Chelsea have pushed that competition for places even further this summer, with Petr Cech and Thibaut Courtois seemingly holding a pre-season audition to see who will get the first bite of the cherry. To be fair to Jose Mourinho, the Belgian was signed as a 19-year-old of great promise in 2011, two years before the Portuguese returned to the Stamford Bridge hotseat. It just so happens that Courtois seems to have fulfilled that promise spectacularly during two seasons on loan at Atletico Madrid, something Mourinho witnessed up close as Real Madrid manager in 2012/13. You can hardly blame him for bringing him back. 

Meanwhile, Cech has just enjoyed his best season for some time. “I was never afraid to make decisions,” says Mourinho, amid rumours Courtois will get the nod and Cech will leave. Just don’t expect the Special One to allow that to happen until “the world’s best young keeper” has proven himself in the Premier League.


Barcelona also have two keepers vying for the No.1 shirt on a seemingly level playing field. Only theirs – Chile keeper Claudio Bravo and young German, Marc-Andre ter Stegen – are both new signings after Victor Valdes let his contract run down, and therefore new to the level of pressure they will be under at the Nou Camp. As at Chelsea, the two keepers are nearly a decade apart in age. Courtois and Ter Stegen are clearly the future, but who is the present? The answer could even be: all of them.

When two become No.1

Unable to decide who out of Ray Clemence and Peter Shilton was the better goalkeeper in the late ’70s and early ’80s, England manager Ron Greenwood simply played them in alternate games before finally going with Shilton for the 1982 World Cup. 


But that was international football, where games are often months apart. Not until last season did we have the first high-profile example of this happening at club level. Diego Lopez, who was only signed by then-Real Madrid coach Mourinho as cover for the injured Iker Casillas in the middle of the 2012/13 season, kept his place even when the Spain captain returned. Lopez remained first choice under new gaffer Carlo Ancelotti last season, but only for La Liga games. 


Did it work? Well, Madrid won the Champions League and Copa del Rey with Casillas in goal. Can it work long-term? Not according to Justin Bryant, an American goalkeeper who never quite made the grade this side of the pond, and author of Small Time: A Life in the Football Wilderness. “It’s not good for anyone,” he insists. “It doesn’t make either keeper happy, and a team needs a settled goalkeeper. It’s also usually a very public sign that the manager does not trust either goalkeeper.”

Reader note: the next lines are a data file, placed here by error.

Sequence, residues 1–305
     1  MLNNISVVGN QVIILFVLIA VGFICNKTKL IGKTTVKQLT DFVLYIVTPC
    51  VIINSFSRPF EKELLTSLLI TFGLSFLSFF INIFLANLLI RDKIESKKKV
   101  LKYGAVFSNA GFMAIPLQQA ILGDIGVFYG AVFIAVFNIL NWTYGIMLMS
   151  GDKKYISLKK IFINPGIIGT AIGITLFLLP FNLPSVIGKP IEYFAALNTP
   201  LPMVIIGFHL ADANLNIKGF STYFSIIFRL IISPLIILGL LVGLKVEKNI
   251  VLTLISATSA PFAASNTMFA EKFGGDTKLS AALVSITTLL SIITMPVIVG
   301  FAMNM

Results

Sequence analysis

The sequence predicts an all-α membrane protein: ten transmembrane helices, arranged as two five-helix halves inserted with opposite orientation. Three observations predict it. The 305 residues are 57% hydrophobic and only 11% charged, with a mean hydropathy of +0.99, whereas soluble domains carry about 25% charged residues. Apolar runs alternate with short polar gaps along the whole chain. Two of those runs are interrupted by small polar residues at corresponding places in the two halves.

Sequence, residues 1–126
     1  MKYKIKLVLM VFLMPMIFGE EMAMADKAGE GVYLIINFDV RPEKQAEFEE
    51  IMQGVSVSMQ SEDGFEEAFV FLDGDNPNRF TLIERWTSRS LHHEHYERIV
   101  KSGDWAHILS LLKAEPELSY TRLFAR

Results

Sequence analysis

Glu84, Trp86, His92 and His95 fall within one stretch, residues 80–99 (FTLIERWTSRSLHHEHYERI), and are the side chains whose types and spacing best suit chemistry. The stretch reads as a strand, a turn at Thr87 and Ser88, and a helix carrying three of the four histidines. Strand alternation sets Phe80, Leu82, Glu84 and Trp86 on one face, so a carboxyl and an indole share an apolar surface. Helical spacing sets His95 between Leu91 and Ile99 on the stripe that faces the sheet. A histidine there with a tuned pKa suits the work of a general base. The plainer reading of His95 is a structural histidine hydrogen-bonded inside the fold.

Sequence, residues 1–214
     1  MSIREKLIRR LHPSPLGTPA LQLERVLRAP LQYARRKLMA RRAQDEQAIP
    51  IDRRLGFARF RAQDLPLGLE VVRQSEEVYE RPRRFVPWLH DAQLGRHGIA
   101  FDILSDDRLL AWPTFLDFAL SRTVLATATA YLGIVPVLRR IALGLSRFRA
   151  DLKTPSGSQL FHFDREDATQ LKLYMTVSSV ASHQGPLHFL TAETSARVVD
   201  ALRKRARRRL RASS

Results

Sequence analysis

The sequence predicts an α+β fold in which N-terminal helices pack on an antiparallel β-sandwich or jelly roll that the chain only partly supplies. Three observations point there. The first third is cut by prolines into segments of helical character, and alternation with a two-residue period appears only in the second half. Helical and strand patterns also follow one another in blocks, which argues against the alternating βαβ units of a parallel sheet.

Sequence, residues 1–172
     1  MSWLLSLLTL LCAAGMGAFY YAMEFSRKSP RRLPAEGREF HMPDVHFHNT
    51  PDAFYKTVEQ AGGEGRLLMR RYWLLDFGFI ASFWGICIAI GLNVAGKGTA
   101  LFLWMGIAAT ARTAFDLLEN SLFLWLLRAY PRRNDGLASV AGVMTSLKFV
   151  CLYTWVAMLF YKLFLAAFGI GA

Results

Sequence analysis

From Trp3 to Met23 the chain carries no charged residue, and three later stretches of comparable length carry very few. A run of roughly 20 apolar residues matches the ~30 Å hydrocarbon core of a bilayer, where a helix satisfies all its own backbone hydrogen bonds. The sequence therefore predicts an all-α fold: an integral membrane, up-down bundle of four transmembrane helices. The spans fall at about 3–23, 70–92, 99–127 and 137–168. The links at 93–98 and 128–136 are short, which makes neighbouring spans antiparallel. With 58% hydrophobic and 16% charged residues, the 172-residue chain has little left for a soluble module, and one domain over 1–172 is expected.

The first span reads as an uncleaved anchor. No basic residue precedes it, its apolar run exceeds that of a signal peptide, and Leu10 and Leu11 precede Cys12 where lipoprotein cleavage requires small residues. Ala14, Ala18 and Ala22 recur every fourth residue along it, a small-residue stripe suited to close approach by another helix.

Ancelotti seemed to agree, with Lopez on his way to AC Milan, only for Keylor Navas, who was sensational for Costa Rica at the World Cup, to arrive from Levante at the same time. It seems the laid-back Italian is keeping his options open.


Can we expect similar indecision from Wenger, Mourinho and Luis Enrique? Don’t count on it. Can we expect the axe to drop if their first choices don’t perform? Don’t bet against it.

No regrets?

So what of the players themselves? “I think at the highest level, the dedication it takes to get there makes it hard to be satisfied with not playing, even if the money is good,” reckons Bryant.


So hard, in the case of Steve Harper, that the consequences can be dire. “If I could speak to myself 10 or 12 years ago, I’d do it differently,” said the veteran keeper – now No.2 at Hull – as he prepared to leave Newcastle last year after 20 seasons on Tyneside. Having challenged best mate Shay Given for the No.1 jersey before 2000, Harper played just a handful of games for the next six years, with Bobby Robson in particular repeatedly persuading him to stay in his native north-east. “They were tough times,” he said. “The way I got through it was with the support of my family, by going to see a counselor and with medication from the doctors.”


While the likes of Vorm, Reina and even Anders Lindegaard at Manchester United may not suffer from depression as Harper did, settling for second best could cost them the chance to be No.1 for their countries. Reina, in particular, seems to be the next cab off the rank, playing Spain’s final game at the World Cup against Australia after Casillas’ stinkers against Holland and Chile. 

With Valdes’ future also up in the air, might Reina’s bench-warming at Bayern see David de Gea stake a claim to be Spain’s new No.1 instead? Or could we even witness football’s most convoluted rotation policy, with the four of them taking it in turns?


Either way, at club level at least we’re going to be deprived of seeing some of the best keepers in the world in action this season. And that, no matter what their employers and bank balances say, is a shame for the neutrals.